Handout). Demented patients may need constant reminders about therapeutic interventions to
assist with medical problems or discomfort. Hospitalized dying patients with mild dementia may experience more disorientation and confusion than intact patients and this problem is best managed by sitters and reassurance rather than psychotropic medications. Alzheimer medications, i.e., cholinesterase inhibitors, should be continued during the course of hospice care for Alzheimer patients until the patient’s cognitive status or level of alertness is severely impaired. Abrupt discontinuation of cholinesterase therapy may precipitate abrupt loss of function and increase of behavioral problems. Patients should continue antidepressant therapy when depression was previously diagnosed.
The dying, dementia patient has the right to be informed about their diagnosis, prognosis, and management strategy. Dying patients with dementia do not require constant reminders about this fatal illness and discussing the matter is best limited to when the individual initiates the Caring For the Caregiver
The hospice worker may encounter a caregiver who appears to manifest symptoms of medical or psychiatric deterioration. Depression, stress, anxiety and substance abuse are frequent complications encountered by the caregivers. Management of the Hospice Patient with Dementia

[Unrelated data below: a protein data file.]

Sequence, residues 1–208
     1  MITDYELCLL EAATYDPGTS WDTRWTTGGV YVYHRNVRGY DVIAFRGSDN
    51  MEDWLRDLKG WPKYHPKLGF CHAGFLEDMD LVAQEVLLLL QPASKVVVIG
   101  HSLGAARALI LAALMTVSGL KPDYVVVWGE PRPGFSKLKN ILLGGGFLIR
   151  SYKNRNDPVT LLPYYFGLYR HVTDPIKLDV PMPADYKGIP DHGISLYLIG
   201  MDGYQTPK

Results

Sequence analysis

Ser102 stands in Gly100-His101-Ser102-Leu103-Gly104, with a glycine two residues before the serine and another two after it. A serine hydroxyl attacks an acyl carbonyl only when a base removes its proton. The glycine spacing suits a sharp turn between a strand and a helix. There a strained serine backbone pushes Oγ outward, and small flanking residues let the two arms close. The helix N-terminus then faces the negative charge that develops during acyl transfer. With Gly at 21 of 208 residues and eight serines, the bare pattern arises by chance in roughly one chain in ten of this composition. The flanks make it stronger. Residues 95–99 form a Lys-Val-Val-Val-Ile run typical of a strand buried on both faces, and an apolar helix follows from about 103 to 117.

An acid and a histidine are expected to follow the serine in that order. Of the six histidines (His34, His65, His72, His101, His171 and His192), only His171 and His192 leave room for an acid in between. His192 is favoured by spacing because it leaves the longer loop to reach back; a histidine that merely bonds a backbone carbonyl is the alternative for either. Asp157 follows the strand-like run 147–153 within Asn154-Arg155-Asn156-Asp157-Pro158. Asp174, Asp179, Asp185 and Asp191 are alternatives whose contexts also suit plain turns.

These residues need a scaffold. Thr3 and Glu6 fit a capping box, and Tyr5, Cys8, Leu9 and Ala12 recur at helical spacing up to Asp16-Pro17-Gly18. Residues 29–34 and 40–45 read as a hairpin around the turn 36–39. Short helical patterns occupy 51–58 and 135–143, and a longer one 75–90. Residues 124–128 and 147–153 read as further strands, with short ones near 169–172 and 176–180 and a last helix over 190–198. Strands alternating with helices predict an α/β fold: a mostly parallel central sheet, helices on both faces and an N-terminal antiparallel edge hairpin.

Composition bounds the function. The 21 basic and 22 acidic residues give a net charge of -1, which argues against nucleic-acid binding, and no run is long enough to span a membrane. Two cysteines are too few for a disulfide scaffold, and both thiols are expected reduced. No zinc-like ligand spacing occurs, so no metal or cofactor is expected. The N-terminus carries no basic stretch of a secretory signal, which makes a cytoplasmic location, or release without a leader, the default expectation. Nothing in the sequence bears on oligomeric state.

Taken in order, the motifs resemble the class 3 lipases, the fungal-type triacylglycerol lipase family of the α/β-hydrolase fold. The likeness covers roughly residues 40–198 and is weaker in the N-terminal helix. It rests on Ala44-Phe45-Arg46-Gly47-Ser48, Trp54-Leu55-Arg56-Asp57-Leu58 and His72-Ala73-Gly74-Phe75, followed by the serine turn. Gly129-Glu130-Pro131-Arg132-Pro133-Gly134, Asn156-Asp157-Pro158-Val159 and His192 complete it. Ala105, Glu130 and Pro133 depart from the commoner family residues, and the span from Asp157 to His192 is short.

Richard E. Powers, MD, Associate Professor of Pathology-UAB Director, Bureau of Geriatric Psychiatry Caregivers may appear exhausted and depressed. Social isolation, sleep disruption, heavy physical labor and other issues can produce physical and emotional exhaustion. Caregivers with limited support networks and minimal use of support systems, e.g., support groups, respite service, etc., are at greater risks for burnout and poor care to the patient. Caregivers with depression should receive antidepressant therapy. The combination of depression and caregiver burdens can produce significant disability for the individual. Caregivers should avoid long-term benzodiazepine therapy or sedative hypnotic therapy. Both sleep and anxiety medications eventually lose effectiveness, produce confusion, and worsen the clinical circumstances. Supportive psychotherapy provided through support groups is the best option for dealing with stress, distress, and bereavement. Substance abuse is a serious problem in the elderly with 8% of older individuals experiencing problem drinking. Substance abuse includes alcoholism and overuse of prescription medications such as benzodiazepines, sedative hypnotics, and narcotics. Alzheimer’s patients should not drink alcohol. Caregivers should avoid drinking more than one glass, i.e., 1 oz., of alcohol per day. The consumption of two or more ounces of alcohol on a consistent daily basis suggests self medication and staff should assess for depression. Caregivers may obtain duplicate prescriptions for benzodiazepines or narcotics and overuse these medications. Heavy drinking, excessive use of pain medications or benzodiazepines may manifest as weight loss, confusion, or deterioration in function for the older caregiver. Excessive use of benzodiazepines or alcohol produces increased medical disability as well as greater risks for falls with fracture. The treatment team should address depression, anxiety, insomnia, and substance abuse in the caregiver. Caregivers with sleep disorders should be encouraged to use sleep hygiene, exercise, and other psychological interventions prior to the use of medications. Over-the-counter sedative hypnotics that include diphenhydramine, i.e., benadryl, often produce confusion in the older caregiver. Low dose Deseryl, i.e., 25-75mg, can be used to assist with sleep as well as medications like Zolpidem. Only benzodiazepines with a short half-life should be prescribed for severe sleep disruption. Long, half-life medications such as Valium and Dalmane, should be avoided as they produce daytime intoxication. Severe sleep disruption, weight loss, increased forgetfulness, or poor performance strongly suggests depression in the caregiver.